According to recent research, scientists from Hong Kong have discovered a class of metallodrugs currently used in the treatment of other infectious diseases is showing efficacy to potently suppress coronavirus replication and relieve viral-associated symptoms in trials. The conclusions deliver a new and readily available therapeutic option with high clinical potential for infection with SARS-CoV-2. As the entire world is on the hunt for the vaccine, another approach for prevention and treatment of the disease is to identify anti-COVID-19 agents from existing virus-specific antiviral drugs to repurpose and target the new virus. Remdesivir has been reported to show efficacy towards SARS-CoV-2.
However, there is a global shortage of the drug and expensive natures in addition to the lack of significant clinical benefits in severe cases, which are factors that have limited its wider applications. Clinical trials on a series of antiviral agents are still ongoing therefore greater efforts are required to extend the evaluation to cover a wider spectrum of clinically approved drugs, which pave the way to alternative treatment strategies. Metal compounds, on a general note, are used as antimicrobial agents; their antiviral activities have rarely been explored. After assessing a series of metallodrugs and compounds, the research team identified ranitidine bismuth citrate (RBC), a commonly used anti-ulcer drug which contains the metal Bismuth for treatment of Helicobacter pylori-associated infection, as a potent anti-SARS-CoV-2 agent, both in vitro and in vivo.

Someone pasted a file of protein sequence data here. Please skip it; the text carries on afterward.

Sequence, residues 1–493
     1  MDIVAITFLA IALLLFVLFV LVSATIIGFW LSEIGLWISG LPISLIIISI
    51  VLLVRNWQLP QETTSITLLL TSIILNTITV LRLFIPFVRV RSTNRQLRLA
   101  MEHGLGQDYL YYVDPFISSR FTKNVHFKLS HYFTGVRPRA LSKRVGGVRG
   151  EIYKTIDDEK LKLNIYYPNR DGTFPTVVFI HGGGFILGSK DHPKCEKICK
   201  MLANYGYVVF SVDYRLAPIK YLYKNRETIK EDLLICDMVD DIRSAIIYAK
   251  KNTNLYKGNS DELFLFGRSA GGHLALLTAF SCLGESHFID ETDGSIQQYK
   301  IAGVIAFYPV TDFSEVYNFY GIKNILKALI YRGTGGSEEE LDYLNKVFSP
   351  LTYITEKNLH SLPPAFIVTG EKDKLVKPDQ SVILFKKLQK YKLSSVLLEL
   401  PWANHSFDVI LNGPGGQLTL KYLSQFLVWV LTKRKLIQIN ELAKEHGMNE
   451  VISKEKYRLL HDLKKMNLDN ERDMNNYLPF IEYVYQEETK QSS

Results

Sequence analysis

It has been demonstrated to greatly reduce viral loads by over 1,000-folds in coronavirus infected cells. It is highlighted as a druggable target and the high clinical potential of bismuth (III) drugs and other metallodrugs for the treatment of SARS-CoV-2 infections. Hopefully, more antiviral agents from readily available clinically approved drugs could be identified for the potential treatments of COVID-19 infections post this breakthrough. They can be in the form of combination with drugs that exhibit anti-SARS-CoV-2 activities including RBC, dexamethasone, and interferon-β1b.
Ref link: https://www.nature.com/articles/s41564-020-00802-x